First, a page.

Did you know lexicon literally means “book of words”? If you use Accordance to study or read the Hebrew Bible or Greek New Testament, you know how valuable a good lexicon can be. I took my first biblical language class in 1992 and assumed at the time that in a few short years, I’d have both Greek and Hebrew mastered and eventually would never need to consult a lexicon again.
I wish I could tell you that my naive assumptions all those years ago had become a reality by now, but it’s simply not the case. In fact, my initial print lexicons became quite worn until I eventually switched to the electronic lexicons available for Accordance. Now, as I continue to use these tools, I’ve come to appreciate them even more than simply “dictionaries” to look up words that I don’t know off the top of my head.
At some point I realized that learning a biblical language meant more than memorizing the vocabulary lists in the grammar books. Learning a language is not simply learning a word-for-word correspondence with the words of my native tongue. And that’s where lexicons—“books of words”–come in. A good lexicon reveals to us the nuances for how words are used in different situations and contexts. And as I’ve gradually ventured to Greek and Hebrew writings beyond the biblical texts, I’ve learned to appreciate having not just a good lexicon, but having specialized lexicons.
Many Accordance users gravitate to some of the current standard lexicons, such as BDAG for New Testament Studies and BDB or HALOT for the Hebrew Bible. But have you ever taken a look at some of the other lexicons that are available? Here are a couple of examples.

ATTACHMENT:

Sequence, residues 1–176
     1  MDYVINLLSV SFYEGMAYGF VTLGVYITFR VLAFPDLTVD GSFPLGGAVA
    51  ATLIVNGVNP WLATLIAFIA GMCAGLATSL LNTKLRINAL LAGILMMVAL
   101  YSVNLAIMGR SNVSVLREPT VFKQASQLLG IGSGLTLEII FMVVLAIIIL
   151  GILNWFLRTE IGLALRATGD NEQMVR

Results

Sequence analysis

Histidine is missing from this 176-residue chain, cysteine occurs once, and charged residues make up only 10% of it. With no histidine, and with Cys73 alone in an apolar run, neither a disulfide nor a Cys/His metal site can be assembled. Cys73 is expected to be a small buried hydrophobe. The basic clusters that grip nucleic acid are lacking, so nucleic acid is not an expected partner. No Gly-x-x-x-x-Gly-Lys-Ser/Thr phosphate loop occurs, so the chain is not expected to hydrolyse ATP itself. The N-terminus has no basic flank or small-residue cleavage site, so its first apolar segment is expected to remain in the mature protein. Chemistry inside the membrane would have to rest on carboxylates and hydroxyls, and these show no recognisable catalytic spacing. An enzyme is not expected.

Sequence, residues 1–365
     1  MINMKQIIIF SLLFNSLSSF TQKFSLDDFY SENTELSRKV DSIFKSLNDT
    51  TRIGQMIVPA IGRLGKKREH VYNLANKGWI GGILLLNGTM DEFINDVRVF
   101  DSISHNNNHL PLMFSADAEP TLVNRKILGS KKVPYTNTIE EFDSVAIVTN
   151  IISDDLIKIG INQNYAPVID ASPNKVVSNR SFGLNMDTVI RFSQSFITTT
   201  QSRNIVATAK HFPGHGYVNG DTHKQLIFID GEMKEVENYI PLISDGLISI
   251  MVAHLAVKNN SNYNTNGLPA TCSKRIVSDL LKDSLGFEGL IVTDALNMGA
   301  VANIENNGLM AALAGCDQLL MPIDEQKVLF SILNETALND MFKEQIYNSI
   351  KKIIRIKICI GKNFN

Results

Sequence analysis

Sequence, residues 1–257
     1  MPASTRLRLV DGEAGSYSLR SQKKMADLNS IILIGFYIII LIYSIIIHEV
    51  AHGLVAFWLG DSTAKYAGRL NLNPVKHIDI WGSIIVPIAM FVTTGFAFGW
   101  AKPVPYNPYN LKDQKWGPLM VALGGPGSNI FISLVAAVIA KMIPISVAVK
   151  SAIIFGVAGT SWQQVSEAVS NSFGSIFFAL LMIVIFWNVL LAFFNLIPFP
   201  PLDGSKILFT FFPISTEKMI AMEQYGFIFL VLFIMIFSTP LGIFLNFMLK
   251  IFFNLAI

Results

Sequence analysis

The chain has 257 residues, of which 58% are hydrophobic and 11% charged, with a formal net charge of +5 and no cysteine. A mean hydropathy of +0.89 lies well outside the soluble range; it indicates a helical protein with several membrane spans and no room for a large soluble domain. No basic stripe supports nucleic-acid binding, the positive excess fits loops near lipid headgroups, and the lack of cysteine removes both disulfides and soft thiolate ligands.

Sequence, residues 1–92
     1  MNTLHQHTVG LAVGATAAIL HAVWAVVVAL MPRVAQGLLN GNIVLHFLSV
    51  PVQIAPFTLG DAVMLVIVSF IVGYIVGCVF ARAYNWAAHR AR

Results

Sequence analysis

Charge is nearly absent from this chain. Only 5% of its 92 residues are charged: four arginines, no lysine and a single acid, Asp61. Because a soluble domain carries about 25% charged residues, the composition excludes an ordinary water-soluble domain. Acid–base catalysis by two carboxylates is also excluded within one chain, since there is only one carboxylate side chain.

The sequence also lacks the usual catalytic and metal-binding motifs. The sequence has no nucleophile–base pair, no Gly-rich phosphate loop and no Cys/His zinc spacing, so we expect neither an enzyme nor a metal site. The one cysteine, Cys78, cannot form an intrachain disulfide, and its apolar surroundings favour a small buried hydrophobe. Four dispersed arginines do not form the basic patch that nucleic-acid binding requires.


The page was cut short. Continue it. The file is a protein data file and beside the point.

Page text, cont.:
Liddell Scott & Jones Complete (LSJ). Maybe you’re reading in Philo, and you notice that every once in a while, the writer uses a particular word such as μάθημα, which the Instant Details reveals to mean knowledge, teaching, or lesson. This word doesn’t occur in the New Testament (although it does appear in the LXX). BDAG has an entry for the word, but it’s a bit short, so it would be nice to know a bit more. This is where the LSJ comes in handy. The LSJ is described as “the most comprehensive and up-to-date ancient Greek dictionary in the world.” Whereas BDAG’s focus is on New Testament and early Christian literature, the LSJ covers all ancient writing in Greek.
So, yes, there is an entry for μάθημα in BDAG, but it is fairly short, giving the same basic glosses as in the Instant Details window along with a few examples in ancient Greek literature. The LSJ, on the other hand, offers much greater details, examples, and five categories of meaning. If you’re going to study ancient Greek literature beyond the New Testament, the LSJ is a must-have tool.
Dictionary of Classical Hebrew (DCH). What the LSJ is to the wide body of ancient Greek literature, the DCH is to Hebrew writings in the ancient world. Originally filling eight volumes in the print edition, the DCH covers not only words in the Hebrew Bible, but also Ben Sira, the Dead Sea Scrolls, and all the other known Hebrew inscriptions and manuscripts.